Guide to create Intestate Succession during Covid-19
If an NRI is suffering from the recent loss of his/her parent dying due to covid-19 and they have left no will, here is the process to be followed:
Before anything else, a list of assets, financial transactions with documents and tax returns, and such statements should be gathered till the date of death. These can be useful to establish ownership and relationship between the deceased and the rightful successor had the parent(s) left a will.
Sometimes, if the deceased parent who hasn’t left any will might have a ‘POD (Payable on Death)’ in their account which will automatically enable the assets to the rightful owner on account of death and the probate process can be avoided
In order to gather these documents or after keeping all the necessary transaction statements, a lawyer should be appointed. The lawyer should be trusted and who has experience in the field. That lawyer will then check whether a probate is necessary or not according to the information gathered. Since there is no will, the petition should be filed and the above-mentioned procedure will then be followed in which the applicant has a chance to be assigned as the Legal Heir and rightful owner of all the assets.
What happens if your dad died without a will and his parents are still alive?
In case a male dies intestate then his assets will be distributed according to the Hindu Succession Act and the property will be delegated to the legal heirs of the deceased.
What happens if you die without a will and you are married?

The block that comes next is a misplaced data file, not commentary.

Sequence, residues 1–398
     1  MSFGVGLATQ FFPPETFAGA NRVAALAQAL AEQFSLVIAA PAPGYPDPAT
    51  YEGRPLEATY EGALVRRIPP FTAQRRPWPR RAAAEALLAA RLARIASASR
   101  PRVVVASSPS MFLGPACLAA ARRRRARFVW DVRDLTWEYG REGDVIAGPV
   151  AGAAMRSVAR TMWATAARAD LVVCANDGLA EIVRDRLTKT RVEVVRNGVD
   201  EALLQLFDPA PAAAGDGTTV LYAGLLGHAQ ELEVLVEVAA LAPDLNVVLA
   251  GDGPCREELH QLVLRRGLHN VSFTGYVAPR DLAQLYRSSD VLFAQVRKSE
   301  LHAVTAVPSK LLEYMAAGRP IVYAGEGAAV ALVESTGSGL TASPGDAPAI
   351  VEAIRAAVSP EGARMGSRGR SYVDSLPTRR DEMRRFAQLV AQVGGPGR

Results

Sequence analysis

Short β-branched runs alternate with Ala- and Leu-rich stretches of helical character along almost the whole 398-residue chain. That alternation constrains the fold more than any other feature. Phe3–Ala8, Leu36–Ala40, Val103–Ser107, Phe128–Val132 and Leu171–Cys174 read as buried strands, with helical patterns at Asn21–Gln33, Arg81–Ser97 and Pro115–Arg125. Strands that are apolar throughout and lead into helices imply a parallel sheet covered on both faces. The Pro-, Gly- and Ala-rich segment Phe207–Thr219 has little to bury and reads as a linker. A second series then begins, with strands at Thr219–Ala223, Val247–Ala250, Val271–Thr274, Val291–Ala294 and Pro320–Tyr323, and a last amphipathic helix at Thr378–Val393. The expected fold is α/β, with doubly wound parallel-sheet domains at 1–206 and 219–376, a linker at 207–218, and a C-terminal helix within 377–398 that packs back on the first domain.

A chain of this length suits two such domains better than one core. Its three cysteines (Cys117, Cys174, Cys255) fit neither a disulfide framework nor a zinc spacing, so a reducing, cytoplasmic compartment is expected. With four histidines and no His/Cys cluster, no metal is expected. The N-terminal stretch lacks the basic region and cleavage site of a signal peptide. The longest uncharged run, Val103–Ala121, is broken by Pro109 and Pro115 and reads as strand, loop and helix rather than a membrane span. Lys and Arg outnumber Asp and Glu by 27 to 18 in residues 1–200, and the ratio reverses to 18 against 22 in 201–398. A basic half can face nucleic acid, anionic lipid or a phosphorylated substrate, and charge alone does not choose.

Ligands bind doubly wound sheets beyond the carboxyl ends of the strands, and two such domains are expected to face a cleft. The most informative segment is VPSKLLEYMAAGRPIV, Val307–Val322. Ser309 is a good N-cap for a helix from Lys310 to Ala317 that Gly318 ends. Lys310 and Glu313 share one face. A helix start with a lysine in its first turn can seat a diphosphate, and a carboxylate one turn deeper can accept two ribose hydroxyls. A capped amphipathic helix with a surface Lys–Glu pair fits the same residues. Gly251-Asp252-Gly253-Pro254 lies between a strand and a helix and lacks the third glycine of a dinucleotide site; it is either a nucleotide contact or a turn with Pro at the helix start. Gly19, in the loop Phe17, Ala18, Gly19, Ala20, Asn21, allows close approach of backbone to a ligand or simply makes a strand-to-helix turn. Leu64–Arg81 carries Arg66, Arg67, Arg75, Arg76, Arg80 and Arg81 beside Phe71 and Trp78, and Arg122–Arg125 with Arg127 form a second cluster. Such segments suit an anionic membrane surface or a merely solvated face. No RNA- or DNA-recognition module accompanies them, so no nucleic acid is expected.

It majorly depends on how the assets are owned. So in this scenario, the estate will either be delegated to the surviving spouse (if the property is marital) or will be distributed among the surviving spouse, siblings and parents (if the property is separately owned by the deceased).
What is Intestate property in Montana of a parent that dies without a will?
How an estate is settled without a will or what happens to the house of a parent who dies without a will?
If there are no eligible family members, then the estate will be given to the Government. Although, the State can assign any successor of the deceased or anyone who will reasonably be given the property has the deceased made the will. More information about the distribution of assets is mentioned in the above article.
If a parent dies Intestate then how to be in charge of the bank account and funds?
When an applicant or an heir wants to make a claim on the assets of the deceased then he requires a letter of Administration or a succession certificate issued by the court. The letter of Administration is a document or an instrument that is given by a competent court and mentions the distribution of the assets among the heirs. A succession certificate is granted to the person who wants to inherit debts, securities, and other movable assets of the deceased.
What happens if someone dies without a will and is in a domestic partnership?
There are special provisions under the Indian law which apply to domestic partner’s but not all States recognise domestic partnership. Generally, if someone dies Intestate then the surviving domestic partner will inherit the same powers as the surviving spouse and this inheritance will also depend on how much the deceased person owns.
What happens if someone dies without a will and is single?
If the departed person is single and doesn’t have any children, then the parents will be entitled to the entire assets if both of them are living. Otherwise, the properties will be divided among the siblings including half-siblings as well and the surviving parent, if one of the parents has died. If there are no surviving parents, then the property will be divided into equal parts among the siblings. If there are no surviving parents or siblings or descendants of the siblings like nieces and nephews then the family members on the mother’s side will inherit one-half of the estate and the other one-half will be given to the family members on the father’s side. On the other hand, if someone who has died without a will is single but has children then the entire property will be passed on to the children in equal shares. If any child has died and that deceased child has any children then his share will go to the grandchildren.